That’s not the worst of it.  Here’s my favorite part.  After Miss Lydia was finished teaching her special brand of statistics, Grace struggled to emotionally regulate.  After all, this is the teacher that locked her in an elevator a few months ago to bully her.  She started crying in class.  True to form, Miss Lydia approached Grace and said, “Oh my, what’s wrong? You seem upset.  Is something bothering you? Were you upset by my tallying? Do you need me to walk you over to talk to someone? Do you need my help, Grace?”

This is textbook perpetrator behavior.  Miss Lydia isn’t a nice teacher trying to teach manners.  She’s a gaslighter.  This woman is predatory! She’s found her niche among a vulnerable population and is choosing to exploit them by manipulating their perceptions.  First, she hurts them through humiliation and shaming.  Then, when they exhibit an emotional response appropriate to the hurt inflicted, she engages in denial and withholding by pretending not to understand her part in bringing about the circumstance.  The next step that she will probably take is countering in which she will call into question the memory and credibility of the victims of her actions.  This sort of “classroom management” is actually exceedingly common in classrooms across the world, but it’s forbidden in Grace’s school.  Her school adheres to the Nurtured Heart approach.  Manipulating perceptions to force behavioral compliance might be a favored classroom management tool, but it won’t work in this population of students because their perceptions are already altered.  They are already vulnerable.  This is why what Miss Lydia did is so egregious.  And doing it with a smile? That just makes her look sadistic.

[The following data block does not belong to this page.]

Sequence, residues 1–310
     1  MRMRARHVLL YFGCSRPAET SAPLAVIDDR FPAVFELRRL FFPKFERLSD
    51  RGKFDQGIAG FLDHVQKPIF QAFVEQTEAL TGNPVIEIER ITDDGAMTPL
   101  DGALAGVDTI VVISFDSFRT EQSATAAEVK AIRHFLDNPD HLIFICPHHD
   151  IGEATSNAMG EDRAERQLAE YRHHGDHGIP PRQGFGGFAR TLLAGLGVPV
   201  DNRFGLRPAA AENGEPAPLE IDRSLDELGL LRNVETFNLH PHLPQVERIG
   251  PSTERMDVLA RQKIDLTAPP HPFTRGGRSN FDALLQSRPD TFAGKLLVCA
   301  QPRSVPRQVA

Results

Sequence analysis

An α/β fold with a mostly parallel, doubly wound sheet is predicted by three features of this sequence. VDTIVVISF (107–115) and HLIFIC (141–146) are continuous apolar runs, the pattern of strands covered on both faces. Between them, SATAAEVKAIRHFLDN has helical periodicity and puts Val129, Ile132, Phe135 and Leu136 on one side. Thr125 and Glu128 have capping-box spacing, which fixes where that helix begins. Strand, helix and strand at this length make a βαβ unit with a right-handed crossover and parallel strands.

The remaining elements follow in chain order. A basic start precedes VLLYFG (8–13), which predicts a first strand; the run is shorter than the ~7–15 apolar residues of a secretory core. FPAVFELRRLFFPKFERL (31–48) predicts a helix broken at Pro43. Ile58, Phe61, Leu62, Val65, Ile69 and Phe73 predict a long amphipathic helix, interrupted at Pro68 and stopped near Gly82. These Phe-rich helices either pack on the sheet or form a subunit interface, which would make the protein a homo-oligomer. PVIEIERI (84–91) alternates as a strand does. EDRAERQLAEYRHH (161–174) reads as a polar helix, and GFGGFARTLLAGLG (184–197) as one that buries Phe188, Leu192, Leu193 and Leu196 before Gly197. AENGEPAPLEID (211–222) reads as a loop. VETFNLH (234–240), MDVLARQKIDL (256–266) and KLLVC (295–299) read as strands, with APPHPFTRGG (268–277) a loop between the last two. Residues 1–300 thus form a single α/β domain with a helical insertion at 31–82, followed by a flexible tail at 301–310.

Gaslighting is actually very common.  It’s seldom discussed, but we’ve all experienced it.  Think about this scenario:

“Jenny, your hair looks so bad! ::friends hanging around begin snickering:: What did you do to it? Did your mom cut it for you? Ohmigod…”

“That’s a really awful thing to say, Kayla.”

“What? I was only kidding.  Gawd…you totally can’t take a joke.  You are so uptight. ::friends hanging around nodding in agreement and rolling their eyes::”

This is gaslighting.  The message here is: “What I said wasn’t the problem.  There wasn’t a problem until you pointed it out, therefore, YOU are the problem.”  This kind of gaslighting is called blocking and diverting.  A person changes the conversation by blocking (I was only kidding!) and then diverting to control the conversation in order to undermine the victim’s perception and credibility ( You can’t take a joke!).  In my experience, this is the most common form of gaslighting.  The best way to deal with it is like this:

“We can talk about my being uptight and ill-humored in a moment, but right now we need to talk about what you just said.”

The other types of gaslighting behavior are:

  • Trivializing: this technique involves making the victim believe his or her thoughts or needs aren’t important.  ( “How can we move on as a family if we aren’t talking to each other?”   ”Oh, I have some problems controlling my anger, I guess, but you just need to get over everything and forgive.  Good people forgive.”  ”So what that I’ve ignored you for five years? I’m talking to you now.  Let’s just let the past go…” )
  • Abusive “forgetting” and “denial” can also be forms of gaslighting:  This is an interesting gaslighting technique.  A person can deny or “not recall” any behavior they choose citing that they don’t remember.  ( “I never said that.” “I don’t remember doing that.”  ”I don’t remember your wedding going like that.  I remember it going wonderfully! How could you possibly be angry with me for something I don’t even remember!”  It’s from this point that an abuser will often move directly into countering which calls into question the victim’s capacity to remember events and information correctly–“I wonder if perhaps you are even capable of remembering things properly.  I mean, I remember enjoying myself.  Maybe you’re just a bitter person.”  “You do have that mental illness thing.  Maybe you don’t even remember anything right.”)